“Fishing with Family” – by Mia Sheppard

Tegan 6yrs

I have vivid memories of my parents taking us camping and fishing when I was a little girl. We would load up the VW bus with sleeping bags, camp stove, food, fishing poles, and other camping supplies. My sisters and I would giggle with excitement as the bus pulled out of the driveway. We usually headed to the Smoky Mountains, and would always camp by a river. During the days we played endlessly, fine tuning our rock skipping skills, swimming, and (of course) fishing. Each night, Mom would fry the “catch de jour” with lemon and brown sugar, followed by a long evening roasting marshmallows by the fire. The good memories still linger.

When I hear parents say “We don’t camp anymore because of the kids”, I understand. The logistics of feeding, changing diapers, and keeping tabs on your little ones can feel overwhelming, but it doesn’t have too be. With a bit of planning and the right gear, you and the kids can go camping and fishing, and make your own memories that last a lifetime.

When Marty and I took the plunge into parenthood, we vowed to keep fishing the way we did before we had Tegan. Simple, right? Everything would be the same except one more mouth to feed…1937395_1206575046888_2213726_n

I remember the first multi-day float we took Tegan on. The night before we packed the usual gear… food, rods, waders, camping gear…we’ll call that “Marty & Mia Stuff”. Then there was “Tegan’s stuff”. With a toddler in tow, there was a LOT more gear. Toys, snacks, diapers, blankie, play pen, etc, ect, ect. We were constantly second guessing ourselves. Did we remember everything? What if we run out of diapers?

Tegan 2Tegan was 6 months old on that first trip. The more we did it, the packing became easier. At 10 months old, we did a multi-day float on the Deschutes River. As we made our way down the river, I remember noticing how memorized she was by the motion of the water and the sound of the waves splashing against the hull. We set up camp, and Marty and I would take turns fishing a run and watching Tegan. We both got plenty of fishing time in and playing with Tegan. Picking up rocks, finding bugs, and playing in the sand brought back so many memories of my parents doing the same with me as a kid.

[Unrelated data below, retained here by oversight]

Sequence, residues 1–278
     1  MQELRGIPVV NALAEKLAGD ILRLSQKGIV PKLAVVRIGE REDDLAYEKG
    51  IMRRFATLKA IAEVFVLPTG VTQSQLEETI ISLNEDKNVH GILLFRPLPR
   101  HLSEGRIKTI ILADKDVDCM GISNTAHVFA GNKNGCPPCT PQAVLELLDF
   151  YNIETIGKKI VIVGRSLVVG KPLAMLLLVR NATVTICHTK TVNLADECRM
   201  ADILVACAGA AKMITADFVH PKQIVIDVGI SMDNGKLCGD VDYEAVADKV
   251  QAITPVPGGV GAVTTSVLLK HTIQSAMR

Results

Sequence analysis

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By the time Tegan was 4, these trips became way easier. She no longer needed be carried or kept in a car seat. She would entertain herself for hours in the sand, color in her favorite book, play with “tickle bugs” (AKA Salmon Flies), collect October Caddis, or build “Fairy” forts out of sticks.

Below are a few recommended items to pack before your next adventure with your kids on the river:

Drift boats are awesome. The hard walls and high sides provide protection from the weather and water and just feel safer for a toddler.

Recommended items for kids ages 1-3:   Car seat that can be placed on the floor, life jacket and an Ergo carrier. With an Ergo carrier we could fish a run and Tegan would be snuggled close in front till she was 8 months and after that I would sling her on my back. Also, always pack a few extra diapers in case you decide to stay a few extra days.

Recommended items for kids 3-7: toys, coloring or watercolors, pad of paper, life jacket and snacks. Watercolors have been a blast to have on the river. Simple to pack, and painting what we see on the water can provide hours of fun.

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Tegan was six this summer, and all she wanted so do was row the boat, and get her hands on a fly rod. Without hesitation, I’d hand over the reigns, and watch with a smile. There’s and endless amount of stimulation for kids on the river.

Parents: take your kids fishing. Get ’em started early, and they’ll love it forever!

(Above: Tegan Sheppard displaying some mad skills @ the 2010 Sandy River Spey Clave.)

Mia Sheppard is the “real deal”. Airflo Pro Ambassodor, two-time distance casting champion, fly-fishing instructor, advocate for new anglers in the sport, and working to conserve the rivers I love while sharing these outdoor adventures with our daughter Tegan. Mia and her husband Marty operate Little Creek Outfitters, a guide service providing trips on the John Day, Deschutes, and Sandy River for Steelhead and Smallmouth Bass.

Check out Mia’s blog HERE.

Bringing it Home: the Evolution of the Fly Line

Dry by David Decker

Clarence Decker was born in 1900 and suffered most of his angling life without the use of a floating fly line, or for that matter, dry flies. Plying the Little Manistee River with a brace of wet flies was his fate.

Attempts at making a silk, level line float with a slathering of Mucilin had limited success; the whole mess was often not up to par and was rarely worth the fiddling.  On top of that was the issue of silk/tapered/hand tied/soaked-overnight leaders that did not float, regardless of the dressing. Add poor feather quality and patterns adapted from wet flies and what was left was fishing with an intermediate fly line.